Note: Sample below may appear distorted but all corresponding word document files contain proper formattingExcerpt from Essay:
Future of Data Storage in Computer Networks
There are a number of problems facing the future of information technology including the fact that networks are increasingly asked to expand in order to accommodate more and more data. Many experts believe that such increases will mean two things; one that the networks will become increasingly secure, and two because of the security, the data contained on the network will become more difficult to access. This study sought to determine the various processes that are currently being used to secure data on various networks, and to determine if that security will, or will not, ensure that data will become incrementally more difficult to obtain. To this end, this study used the most current literature available to determine if there is a problem with the data being stored in the current manner, or if there is a perception that the data will be safe throughout the centuries, and what we can do, and are doing to ensure the viability of data currently being collected. Following the review, a summary of the research and important findings are presented in the conclusion.
Review and Discussion
In the context of this study, the term security refers to information security which means the level of availability, confidentiality, and integrity of computer-based information (Robinson & Valeri, 2011). Information security is vitally important today given that virtually all electronic transactions are stored in one fashion or another for varying lengths of time (Datt, 2011). For example, every hour, Google processes more than one petabyte of information (a petabyte is a million gigabytes) and Facebook hosts billions of photographs (Datt, 2011). Likewise, more than one million consumer exchanges are processed by Walmart each hour (Datt, 2011). In this regard, Datt emphasizes that, "The data deluge creates challenges for the storage and management of information, and both challenges and unprecedented opportunities in the mining of such information for actionable intelligence" (2011, p. 46). Some indications of the explosion in data generation in recent years can be discerned from the following trends:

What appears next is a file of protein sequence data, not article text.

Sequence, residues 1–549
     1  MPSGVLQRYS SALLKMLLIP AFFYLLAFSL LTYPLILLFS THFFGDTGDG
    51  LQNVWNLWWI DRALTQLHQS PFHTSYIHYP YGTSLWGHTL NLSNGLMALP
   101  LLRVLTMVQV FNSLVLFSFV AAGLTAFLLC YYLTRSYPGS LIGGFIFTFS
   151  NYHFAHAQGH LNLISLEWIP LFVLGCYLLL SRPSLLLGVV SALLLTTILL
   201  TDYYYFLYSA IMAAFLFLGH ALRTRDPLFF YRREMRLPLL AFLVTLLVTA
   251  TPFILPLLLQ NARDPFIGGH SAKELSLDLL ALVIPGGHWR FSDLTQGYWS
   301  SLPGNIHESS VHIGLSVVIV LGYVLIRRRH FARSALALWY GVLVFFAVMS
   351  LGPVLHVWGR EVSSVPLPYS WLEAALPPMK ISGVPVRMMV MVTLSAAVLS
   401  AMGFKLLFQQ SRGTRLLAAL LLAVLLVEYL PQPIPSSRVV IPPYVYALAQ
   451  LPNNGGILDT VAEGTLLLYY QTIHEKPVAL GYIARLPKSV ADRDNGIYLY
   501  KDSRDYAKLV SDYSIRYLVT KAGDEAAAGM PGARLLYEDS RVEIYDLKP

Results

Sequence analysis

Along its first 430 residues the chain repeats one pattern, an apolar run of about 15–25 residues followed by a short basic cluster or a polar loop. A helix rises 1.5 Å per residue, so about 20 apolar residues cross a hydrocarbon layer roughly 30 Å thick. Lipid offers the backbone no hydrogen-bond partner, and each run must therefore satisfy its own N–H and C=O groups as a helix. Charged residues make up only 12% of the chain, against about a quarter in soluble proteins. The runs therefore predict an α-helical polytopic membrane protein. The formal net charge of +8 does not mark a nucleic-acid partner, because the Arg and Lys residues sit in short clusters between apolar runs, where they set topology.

By 2010, the digital universe had reached unprecedented levels, growing by 62% to nearly 800,000 petabytes;
By 2011, the digital universe was expected to grow almost as fast to 1.2 million petabytes, or 1.2 zettabytes.
These trends indicate that by 2020, the digital universe will be 44 times as big as it was in 2009 containing approximately 35.2 zettabytes of data (Datt, 2011).
A recent study showed that the Internet Archive already contains multiple petabytes of data (Rosenthal, 2010, p. 47) and that data collections are constantly expanding at an ever increasing rate. The situation leads many to wonder how safe and secure the data is and who should be worried about whether it really is safe or not. Much of the concern, of course, is warranted, and that concern also drives companies and government entities to make back-ups, and sometimes even back-ups of back-ups. Such insecurity means that even more data is being saved, adding to the general accumulation. Rosenthal writes that most of the companies that provide really large data storage solutions tout the fact that very little data will be lost or compromised if users store data with their firms. However, with so little experience at data storage, most of these firms have no true idea whether the data will ever be compromised or not.
Another recent study concluded that openness and the integrity of personal data are particularly critical elements for the success of a range of future e-science endeavors (Axelsson & Schroeder, 2009, p. 213). If openness and integrity of personal data is to play a key role in success stories, then it would seem that a study such as the one being proposed would be of special consideration regarding how open data will be in the future. This type of scenario leads to some interesting speculation, i.e., will the data currently being stored survive for centuries, what factors could cause the data to be compromised, will the security measures being taken to safeguard the data ultimately end up causing the data to become inaccessible? In sum, secure data storage is important for a number of reasons, including the following:
Properly storing data is a way to safeguard the research investment.
Data may need to be accessed in the future to explain or augment subsequent research.
Other researchers might wish to evaluate or use the results of research.
Stored data can establish precedence in the event that similar research is published (Westra, 2014, para. 2).